Every modern system – from individual sensors and jet engines to vast connected ecosystems – has some amount of susceptibility to cyberattacks. As defense and commercial aviation systems have become more highly connected, autonomous and digital – and as the threats against these systems have become more sophisticated – cybersecurity needs have increased.
“Many of the headlines you read today are about damage done by amateurs and mass market cyber threats but, in reality, some of the most damaging cyber threats are named and numbered organizations know as advanced persistent threats, which have serious capabilities that Raytheon and other leading cyber companies have been helping government agencies fight for years,” said Brian Witten, Vice President & Chief Product Security Officer at Raytheon Technologies.
We meet these challenges on multiple fronts by constantly developing new ways to enhance the hardening and resilience of all our solutions.
The Raytheon Technologies CODE Center, for example, is used to test networks, systems and platforms by exposing them to realistic, nation-state cyber, anti-tamper and radio frequency attacks. The center can also replicate various networked environments and cyber-physical systems, including industrial control systems, avionics bus systems, large-scale networks and security operations centers.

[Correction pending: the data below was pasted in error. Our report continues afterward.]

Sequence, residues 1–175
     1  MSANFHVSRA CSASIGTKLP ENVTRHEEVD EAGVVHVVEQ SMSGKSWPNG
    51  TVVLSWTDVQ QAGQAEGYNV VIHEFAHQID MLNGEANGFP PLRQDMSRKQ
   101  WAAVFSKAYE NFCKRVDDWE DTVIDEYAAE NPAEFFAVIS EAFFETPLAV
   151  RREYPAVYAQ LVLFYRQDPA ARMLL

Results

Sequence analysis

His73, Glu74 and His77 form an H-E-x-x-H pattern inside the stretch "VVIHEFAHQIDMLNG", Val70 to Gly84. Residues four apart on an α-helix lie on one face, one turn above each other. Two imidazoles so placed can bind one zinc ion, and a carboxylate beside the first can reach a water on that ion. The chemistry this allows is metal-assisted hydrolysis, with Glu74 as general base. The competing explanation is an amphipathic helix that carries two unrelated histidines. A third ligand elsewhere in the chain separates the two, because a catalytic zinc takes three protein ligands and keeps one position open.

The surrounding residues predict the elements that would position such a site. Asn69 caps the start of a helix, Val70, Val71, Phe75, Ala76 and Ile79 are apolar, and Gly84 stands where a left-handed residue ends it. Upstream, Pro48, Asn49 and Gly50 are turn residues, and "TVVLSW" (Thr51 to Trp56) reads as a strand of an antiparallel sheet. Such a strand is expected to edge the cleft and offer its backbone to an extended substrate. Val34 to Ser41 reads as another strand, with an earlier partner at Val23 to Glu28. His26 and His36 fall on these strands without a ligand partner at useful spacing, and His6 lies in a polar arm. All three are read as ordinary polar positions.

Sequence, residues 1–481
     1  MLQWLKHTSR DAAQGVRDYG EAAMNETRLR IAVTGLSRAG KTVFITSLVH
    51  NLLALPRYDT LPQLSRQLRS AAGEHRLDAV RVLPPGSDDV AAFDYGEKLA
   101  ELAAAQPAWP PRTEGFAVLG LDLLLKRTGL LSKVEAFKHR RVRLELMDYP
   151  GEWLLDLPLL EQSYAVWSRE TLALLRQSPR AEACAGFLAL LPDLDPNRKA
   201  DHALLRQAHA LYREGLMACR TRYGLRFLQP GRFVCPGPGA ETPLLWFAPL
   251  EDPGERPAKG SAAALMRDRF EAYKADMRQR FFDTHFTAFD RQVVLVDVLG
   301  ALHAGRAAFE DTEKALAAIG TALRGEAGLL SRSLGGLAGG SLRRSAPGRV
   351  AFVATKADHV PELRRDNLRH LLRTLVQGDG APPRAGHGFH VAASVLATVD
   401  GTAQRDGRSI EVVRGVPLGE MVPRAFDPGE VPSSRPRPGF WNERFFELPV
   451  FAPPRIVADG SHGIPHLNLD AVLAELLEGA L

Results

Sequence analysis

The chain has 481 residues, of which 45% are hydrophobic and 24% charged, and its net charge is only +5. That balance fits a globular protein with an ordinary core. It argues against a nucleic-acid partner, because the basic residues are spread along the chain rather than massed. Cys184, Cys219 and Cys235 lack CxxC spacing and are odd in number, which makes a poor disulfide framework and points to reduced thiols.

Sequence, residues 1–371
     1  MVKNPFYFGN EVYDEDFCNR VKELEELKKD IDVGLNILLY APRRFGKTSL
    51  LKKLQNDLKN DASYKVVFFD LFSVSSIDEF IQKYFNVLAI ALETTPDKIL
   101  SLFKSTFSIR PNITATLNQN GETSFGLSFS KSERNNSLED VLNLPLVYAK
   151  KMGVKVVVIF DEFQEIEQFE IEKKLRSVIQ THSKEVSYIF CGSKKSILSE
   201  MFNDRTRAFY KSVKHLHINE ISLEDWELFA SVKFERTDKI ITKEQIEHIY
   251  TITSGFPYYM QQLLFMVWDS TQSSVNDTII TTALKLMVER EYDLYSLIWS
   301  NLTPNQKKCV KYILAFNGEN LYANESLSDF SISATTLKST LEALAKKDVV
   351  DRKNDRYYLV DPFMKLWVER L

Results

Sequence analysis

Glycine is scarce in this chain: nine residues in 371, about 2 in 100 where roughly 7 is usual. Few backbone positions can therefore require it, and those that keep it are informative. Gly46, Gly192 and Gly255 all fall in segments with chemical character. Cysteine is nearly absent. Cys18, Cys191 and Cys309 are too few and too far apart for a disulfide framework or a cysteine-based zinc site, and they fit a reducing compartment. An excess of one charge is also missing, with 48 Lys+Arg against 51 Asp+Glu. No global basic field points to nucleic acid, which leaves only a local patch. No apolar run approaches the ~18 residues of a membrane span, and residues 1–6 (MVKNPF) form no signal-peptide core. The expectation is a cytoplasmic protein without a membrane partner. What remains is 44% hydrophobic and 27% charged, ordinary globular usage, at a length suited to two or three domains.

Beyond just testing, the CODE Center team of cyber experts develops technologies, processes and software to help ensure systems are secure by design and stay secure over time in delivering field-proven and mission-reliable cyber solutions.
Our constant innovation in cybersecurity allows us to build trust with our clients – trust that every product or system we create is designed with world-class cybersecurity capabilities. That trust is critical to our brand.
“Our adversaries never stop improving, so keeping systems secure over the span of decades means that cybersecurity is never done,” Witten said.